Dave Fallows (director of scouting)
Liverpool regarded his appointment as a coup when he arrived from Manchester City in 2012. The club's worldwide network of scouts report in to him and he has been instrumental in drawing up the names of candidates who were perceived to fit the manager's needs.
Barry Hunter (chief scout)
The former Northern Ireland defender established his association with Rodgers at Reading. He also had a spell as player-manager of Rushden & Diamonds. Like Fallows he was at City, where he scouted abroad. He acts on recommendations from Liverpool's scouts in the regions and compiles reports.
In his final media briefing as Liverpool manager, Rodgers revealed a place in the top four was "an internal ambition for myself, the coaching staff and the players" but it had never been mentioned to him as a target by the club's owners.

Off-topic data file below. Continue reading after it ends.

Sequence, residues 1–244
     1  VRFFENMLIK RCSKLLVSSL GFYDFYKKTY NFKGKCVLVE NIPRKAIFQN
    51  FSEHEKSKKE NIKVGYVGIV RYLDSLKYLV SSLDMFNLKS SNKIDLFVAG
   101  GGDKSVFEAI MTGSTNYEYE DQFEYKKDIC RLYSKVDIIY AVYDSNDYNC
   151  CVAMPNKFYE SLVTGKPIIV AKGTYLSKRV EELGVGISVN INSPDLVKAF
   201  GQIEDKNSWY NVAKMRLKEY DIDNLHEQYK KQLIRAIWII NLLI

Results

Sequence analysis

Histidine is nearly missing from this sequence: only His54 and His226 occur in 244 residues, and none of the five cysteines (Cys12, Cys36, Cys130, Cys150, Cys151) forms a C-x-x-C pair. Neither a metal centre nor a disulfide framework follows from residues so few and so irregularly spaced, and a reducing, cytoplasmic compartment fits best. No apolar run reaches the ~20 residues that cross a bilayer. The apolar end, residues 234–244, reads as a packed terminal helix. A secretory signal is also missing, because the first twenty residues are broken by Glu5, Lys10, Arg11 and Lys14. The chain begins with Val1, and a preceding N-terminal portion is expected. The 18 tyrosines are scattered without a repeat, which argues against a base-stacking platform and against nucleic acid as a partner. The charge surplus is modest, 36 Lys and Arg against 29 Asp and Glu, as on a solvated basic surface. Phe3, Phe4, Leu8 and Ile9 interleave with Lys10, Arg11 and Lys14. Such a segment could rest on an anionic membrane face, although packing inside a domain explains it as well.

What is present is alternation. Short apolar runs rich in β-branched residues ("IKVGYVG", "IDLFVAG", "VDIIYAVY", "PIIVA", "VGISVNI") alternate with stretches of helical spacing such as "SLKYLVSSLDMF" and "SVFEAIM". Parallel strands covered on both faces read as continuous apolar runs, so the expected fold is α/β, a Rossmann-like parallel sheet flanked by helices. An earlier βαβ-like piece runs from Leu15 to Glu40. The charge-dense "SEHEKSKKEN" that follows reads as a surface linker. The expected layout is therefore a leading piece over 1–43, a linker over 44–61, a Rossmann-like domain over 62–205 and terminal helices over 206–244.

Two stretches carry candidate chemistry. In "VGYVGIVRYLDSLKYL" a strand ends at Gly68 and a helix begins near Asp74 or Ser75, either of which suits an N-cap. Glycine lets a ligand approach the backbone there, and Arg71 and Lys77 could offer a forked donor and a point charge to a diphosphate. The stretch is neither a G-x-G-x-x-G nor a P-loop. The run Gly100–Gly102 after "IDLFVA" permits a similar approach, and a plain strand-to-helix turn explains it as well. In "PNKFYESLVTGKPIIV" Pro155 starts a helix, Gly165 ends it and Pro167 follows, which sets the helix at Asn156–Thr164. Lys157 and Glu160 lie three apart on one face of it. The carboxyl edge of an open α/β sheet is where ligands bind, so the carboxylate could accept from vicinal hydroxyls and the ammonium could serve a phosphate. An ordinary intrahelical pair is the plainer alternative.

If not, it was presumably an unspoken goal because if FSG wanted to adopt a "suck it and see" approach Rodgers may have survived a little longer this season than he did.
It was clear FSG had concerns about Rodgers's ability to return Liverpool to the Champions League, especially after their return to Europe's elite competition was soured by a failure to qualify from a favourable group containing Basel and Ludogorets, as well as the sight of the manager playing a shadow side in the 1-0 defeat at Real Madrid.
This apparent concession in Madrid, with Steven Gerrard, Raheem Sterling, Jordan Henderson and Philippe Coutinho left out of the starting line-up, did Rodgers serious damage in the eyes of many associated with Liverpool, effectively giving up a game in a competition they once regarded as their personal property.